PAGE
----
Yields: varies Prep Time: 15 minutes Total Time: 1 hour
An easy way to prep squash puree for future use in savory or sweet goods, replacing undesirable fat, sugar or carbohydrates with extra nutrients such as fiber and vitamins A, C and E.
Butternut squash, halved
Acorn squash, halved
Pie pumpkin, halved (pie pumpkins are the small pumpkins used for baking)
2 teaspoons olive oil (1 per squash)
1. Preheat oven to 400 degrees Fahrenheit.
2. Wash the outside of the squash with soap and wash. Dry thoroughly.
3. Cut squash in half and scoop out the seeds. (You can discard the seeds, or throw into a compost pile. In all sincerity, this is how we grew some rogue squash one year!)
4. Coat the inside and outside with just a bit of olive oil (about 1 teaspoon per squash). Place squash face down on a silicone or parchment paper lined baking pan. *(see note below)
5. Bake at 400 degrees for about 30-40 minutes, until squash is cooked through.
6. Remove from oven a let cool slightly.
7. Place squash (can separate by type or just blend all together) in a food processor and puree.
8. Remove squash and place in a freezer safe container. I used a Ziploc bag (despite my preference to avoid plastic). It is helpful to measure out one cup increments for easy use.
*One note I wanted to mention is with regard to produce waxes often present on squash, organic or not. When heated in the oven, the wax melted, and can get into the flesh of the squash. If after washing with soap and water, you suspect your squash still has a waxy residue and you are concerned about it soaking into the flesh when baking, simply bake the squash inside up. The wax on the outside will then drip off when baking.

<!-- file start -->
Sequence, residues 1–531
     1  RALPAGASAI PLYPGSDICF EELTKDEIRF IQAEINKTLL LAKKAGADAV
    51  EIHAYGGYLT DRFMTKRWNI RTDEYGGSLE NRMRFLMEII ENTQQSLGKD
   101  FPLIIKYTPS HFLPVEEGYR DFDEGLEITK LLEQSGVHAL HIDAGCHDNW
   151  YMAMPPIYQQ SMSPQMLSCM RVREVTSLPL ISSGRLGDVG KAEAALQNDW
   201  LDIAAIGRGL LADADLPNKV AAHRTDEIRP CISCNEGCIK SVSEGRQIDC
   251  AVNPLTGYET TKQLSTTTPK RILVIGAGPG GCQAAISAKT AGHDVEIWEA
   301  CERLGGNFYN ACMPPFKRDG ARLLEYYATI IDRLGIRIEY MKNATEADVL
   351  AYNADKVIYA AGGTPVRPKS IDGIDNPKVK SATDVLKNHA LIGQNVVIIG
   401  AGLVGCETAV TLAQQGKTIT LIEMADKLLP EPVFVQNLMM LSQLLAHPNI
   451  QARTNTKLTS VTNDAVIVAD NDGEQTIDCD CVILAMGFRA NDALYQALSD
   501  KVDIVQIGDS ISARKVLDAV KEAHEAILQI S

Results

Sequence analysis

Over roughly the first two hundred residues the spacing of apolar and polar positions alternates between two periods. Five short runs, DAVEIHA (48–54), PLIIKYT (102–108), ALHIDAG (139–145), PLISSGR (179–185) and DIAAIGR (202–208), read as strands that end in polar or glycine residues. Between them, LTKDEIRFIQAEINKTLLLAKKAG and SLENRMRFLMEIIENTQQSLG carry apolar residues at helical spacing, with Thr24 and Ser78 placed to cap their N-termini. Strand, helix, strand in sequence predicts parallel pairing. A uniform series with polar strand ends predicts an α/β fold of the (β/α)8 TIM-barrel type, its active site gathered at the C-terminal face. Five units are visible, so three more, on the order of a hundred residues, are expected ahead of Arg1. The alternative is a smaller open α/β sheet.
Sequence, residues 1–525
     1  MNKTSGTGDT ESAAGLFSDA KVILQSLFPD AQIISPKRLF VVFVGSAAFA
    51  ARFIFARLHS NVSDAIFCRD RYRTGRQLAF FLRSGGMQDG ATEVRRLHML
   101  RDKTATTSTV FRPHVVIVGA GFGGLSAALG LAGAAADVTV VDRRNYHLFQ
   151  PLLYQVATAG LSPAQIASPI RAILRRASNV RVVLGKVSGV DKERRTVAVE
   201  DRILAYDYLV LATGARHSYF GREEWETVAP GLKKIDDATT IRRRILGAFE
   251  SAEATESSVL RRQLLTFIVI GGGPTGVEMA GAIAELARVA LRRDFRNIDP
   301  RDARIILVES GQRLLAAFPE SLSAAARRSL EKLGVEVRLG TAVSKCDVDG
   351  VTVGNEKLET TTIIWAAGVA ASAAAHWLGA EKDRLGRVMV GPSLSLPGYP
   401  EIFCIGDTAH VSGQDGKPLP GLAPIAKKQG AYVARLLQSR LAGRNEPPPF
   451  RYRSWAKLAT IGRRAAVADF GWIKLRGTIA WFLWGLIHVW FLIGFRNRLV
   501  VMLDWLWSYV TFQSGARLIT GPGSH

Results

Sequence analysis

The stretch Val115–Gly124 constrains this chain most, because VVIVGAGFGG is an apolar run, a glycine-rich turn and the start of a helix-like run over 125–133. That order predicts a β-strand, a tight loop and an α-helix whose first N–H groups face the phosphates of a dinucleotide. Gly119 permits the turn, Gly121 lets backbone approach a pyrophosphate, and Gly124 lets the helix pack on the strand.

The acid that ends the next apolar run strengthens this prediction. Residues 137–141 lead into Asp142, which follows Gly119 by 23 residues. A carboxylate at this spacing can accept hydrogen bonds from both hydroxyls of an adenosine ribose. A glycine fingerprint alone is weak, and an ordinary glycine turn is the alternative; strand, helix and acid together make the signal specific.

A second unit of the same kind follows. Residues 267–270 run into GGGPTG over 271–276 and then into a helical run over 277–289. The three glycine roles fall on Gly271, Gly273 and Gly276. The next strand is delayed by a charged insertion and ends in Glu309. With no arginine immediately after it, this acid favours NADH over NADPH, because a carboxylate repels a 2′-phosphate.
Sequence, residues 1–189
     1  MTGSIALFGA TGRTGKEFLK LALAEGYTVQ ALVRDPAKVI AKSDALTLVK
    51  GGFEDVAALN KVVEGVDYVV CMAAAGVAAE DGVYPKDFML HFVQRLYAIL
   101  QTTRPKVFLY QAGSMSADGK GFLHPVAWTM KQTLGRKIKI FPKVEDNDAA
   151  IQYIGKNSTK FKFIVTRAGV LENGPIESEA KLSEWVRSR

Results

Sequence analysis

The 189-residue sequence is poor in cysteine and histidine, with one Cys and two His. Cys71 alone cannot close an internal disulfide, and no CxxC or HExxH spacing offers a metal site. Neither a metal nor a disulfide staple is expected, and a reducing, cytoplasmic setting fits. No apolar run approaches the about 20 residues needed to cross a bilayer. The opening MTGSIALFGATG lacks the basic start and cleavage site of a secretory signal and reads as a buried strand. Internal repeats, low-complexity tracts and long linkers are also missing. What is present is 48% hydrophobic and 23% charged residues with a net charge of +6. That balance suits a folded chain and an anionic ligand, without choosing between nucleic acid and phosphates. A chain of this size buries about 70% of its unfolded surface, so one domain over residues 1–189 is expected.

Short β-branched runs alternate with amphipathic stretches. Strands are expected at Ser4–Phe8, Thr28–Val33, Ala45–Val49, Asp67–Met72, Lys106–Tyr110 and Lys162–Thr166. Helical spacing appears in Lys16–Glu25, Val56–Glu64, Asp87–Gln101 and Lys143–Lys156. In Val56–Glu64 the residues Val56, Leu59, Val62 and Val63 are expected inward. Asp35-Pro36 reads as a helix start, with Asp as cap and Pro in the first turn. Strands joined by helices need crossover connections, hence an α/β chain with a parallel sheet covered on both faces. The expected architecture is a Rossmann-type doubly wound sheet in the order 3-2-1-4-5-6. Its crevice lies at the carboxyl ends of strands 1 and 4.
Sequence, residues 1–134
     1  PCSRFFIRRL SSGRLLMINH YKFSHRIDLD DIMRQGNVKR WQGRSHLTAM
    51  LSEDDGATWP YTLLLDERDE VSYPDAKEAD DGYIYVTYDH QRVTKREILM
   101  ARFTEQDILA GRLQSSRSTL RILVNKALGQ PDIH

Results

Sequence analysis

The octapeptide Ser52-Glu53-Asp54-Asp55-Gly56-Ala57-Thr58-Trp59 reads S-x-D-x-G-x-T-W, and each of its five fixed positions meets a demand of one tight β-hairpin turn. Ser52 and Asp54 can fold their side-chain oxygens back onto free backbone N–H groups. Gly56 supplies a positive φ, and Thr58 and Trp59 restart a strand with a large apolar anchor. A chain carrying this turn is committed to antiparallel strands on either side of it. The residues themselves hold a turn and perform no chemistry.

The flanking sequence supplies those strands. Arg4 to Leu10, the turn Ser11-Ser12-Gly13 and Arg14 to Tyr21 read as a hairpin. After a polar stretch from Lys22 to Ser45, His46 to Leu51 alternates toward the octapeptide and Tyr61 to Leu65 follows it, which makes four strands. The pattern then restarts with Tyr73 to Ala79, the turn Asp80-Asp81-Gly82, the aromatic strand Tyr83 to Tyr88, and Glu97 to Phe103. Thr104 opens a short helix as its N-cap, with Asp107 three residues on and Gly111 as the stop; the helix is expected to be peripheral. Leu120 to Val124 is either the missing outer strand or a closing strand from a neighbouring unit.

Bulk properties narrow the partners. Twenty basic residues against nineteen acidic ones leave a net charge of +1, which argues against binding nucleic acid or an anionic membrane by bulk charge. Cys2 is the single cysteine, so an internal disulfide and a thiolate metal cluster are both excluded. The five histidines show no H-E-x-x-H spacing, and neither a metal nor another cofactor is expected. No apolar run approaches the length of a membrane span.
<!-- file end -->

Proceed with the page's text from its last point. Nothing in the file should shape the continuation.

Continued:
It is preferred to bake the squash with the flesh side down, as a natural dome is created, keeping in moisture. However, if wax is a concern, this is an easy remedy. The oil rubbed on the flesh prior to baking will help keep the squash from drying out.
Making these purees ahead of time is a wonderful tool, especially to add not only flavor, but extra nutrition to a variety of dishes. To use, I take out a bag of puree a day ahead of time and let it thaw in the fridge. Then, it’s ready to put right into a savory recipe such as a Butternut Squash and Cauliflower Mac and Cheese (no need to use frozen squash!) and Cheese or a sweet breakfast such as Butternut Squash Waffles or the Roasted Pumpkin Scones below!
And this isn’t all about sneaking healthy food in for kids. It’s about adding nutritious ingredients, replacing empty calories. Squash is filled with beta-carotene, vitamin C and fiber – just to name a few. I’m also aware of my health, and personally, I don’t want to fill up on empty calories, preferring to get these nutrients instead of unnecessary fat, sugar or simple carbohydrates.
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Whole Wheat Butternut Squash Waffles
Butternut Squash and Cauliflower Macaroni and Cheese